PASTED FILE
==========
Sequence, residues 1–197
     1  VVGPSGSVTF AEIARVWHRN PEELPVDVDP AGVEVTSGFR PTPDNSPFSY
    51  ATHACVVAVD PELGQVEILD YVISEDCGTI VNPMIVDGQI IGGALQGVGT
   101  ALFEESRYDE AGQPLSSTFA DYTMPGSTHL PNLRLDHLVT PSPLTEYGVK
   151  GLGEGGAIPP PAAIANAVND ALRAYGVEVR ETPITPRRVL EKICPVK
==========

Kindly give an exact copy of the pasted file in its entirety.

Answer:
Sequence, residues 1–197
     1  VVGPSGSVTF AEIARVWHRN PEELPVDVDP AGVEVTSGFR PTPDNSPFSY
    51  ATHACVVAVD PELGQVEILD YVISEDCGTI VNPMIVDGQI IGGALQGVGT
   101  ALFEESRYDE AGQPLSSTFA DYTMPGSTHL PNLRLDHLVT PSPLTEYGVK
   151  GLGEGGAIPP PAAIANAVND ALRAYGVEVR ETPITPRRVL EKICPVK